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Title: New multilocus sequence typing of MRSA in São Paulo, Brazil
Authors: Carmo, Mirian Silva do [UNIFESP]
Inoue, Fernanda [UNIFESP]
Andrade, Soraya Sgambatti [UNIFESP]
Paschoal, Luiz [UNIFESP]
Silva, Fernanda M. [UNIFESP]
Oliveira, Vitor [UNIFESP]
Pignatari, Antonio Carlos Campos [UNIFESP]
Universidade Federal de São Paulo (UNIFESP)
Centro Universitário Fundação Instituto de Ensino para Osasco
Keywords: Methicillin-resistant Staphylococcus aureus
Molecular sequence typing
Molecular typing
Issue Date: 1-Oct-2011
Publisher: Associação Brasileira de Divulgação Científica
Citation: Brazilian Journal of Medical and Biological Research. Associação Brasileira de Divulgação Científica, v. 44, n. 10, p. 1013-1017, 2011.
Abstract: An increased incidence of nosocomial and community-acquired infections caused by methicillin-resistant Staphylococcus aureus (MRSA) has been observed worldwide. The molecular characterization of MRSA has played an important role in demonstrating the existence of internationally disseminated clones. The use of molecular biology methods in the surveillance programs has enabled the tracking of MRSA spread within and among hospitals. These data are useful to alert nosocomial infection control programs about the potential introduction of these epidemic clones in their areas. Four MRSA blood culture isolates from patients hospitalized at two hospitals in the city of São Paulo, Brazil, were analyzed; one of them was community acquired. The isolates were characterized as SCCmec, mecA and PVL by PCR, pulsed-field gel electrophoresis (PFGE) profile and molecular sequence typing (MLST) genotyping. The isolates presented type IV SCCmec, and none proved to be positive for PVL. The isolates showed a PFGE profile similar to the pediatric clone. MLST genotyping demonstrated that the isolates belonged to clonal complex 5 (CC5), showing a new yqiL allele gene, resulting in a new sequence typing (ST) (1176). Our results showed that strains of MRSA carrying a new ST are emerging in community and nosocomial infections, including bacteremia, in São Paulo, Brazil.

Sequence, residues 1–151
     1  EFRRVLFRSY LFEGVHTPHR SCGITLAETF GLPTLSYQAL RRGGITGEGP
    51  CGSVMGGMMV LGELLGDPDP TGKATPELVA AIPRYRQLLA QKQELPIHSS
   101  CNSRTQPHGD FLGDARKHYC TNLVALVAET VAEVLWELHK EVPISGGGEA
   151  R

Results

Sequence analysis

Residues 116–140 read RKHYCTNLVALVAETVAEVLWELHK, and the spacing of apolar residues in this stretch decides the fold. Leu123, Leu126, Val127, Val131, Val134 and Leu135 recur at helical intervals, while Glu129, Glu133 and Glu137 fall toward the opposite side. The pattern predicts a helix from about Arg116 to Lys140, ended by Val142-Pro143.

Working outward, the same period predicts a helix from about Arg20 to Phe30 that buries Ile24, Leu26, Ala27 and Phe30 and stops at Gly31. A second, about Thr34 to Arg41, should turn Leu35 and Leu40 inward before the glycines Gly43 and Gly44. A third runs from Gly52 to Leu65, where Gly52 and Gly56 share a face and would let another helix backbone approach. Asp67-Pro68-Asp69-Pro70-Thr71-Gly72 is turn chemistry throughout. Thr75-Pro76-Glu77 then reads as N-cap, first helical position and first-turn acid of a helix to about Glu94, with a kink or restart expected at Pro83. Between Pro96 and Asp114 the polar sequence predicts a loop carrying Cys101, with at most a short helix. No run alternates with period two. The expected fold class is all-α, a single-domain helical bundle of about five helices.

ISSN: 0100-879X
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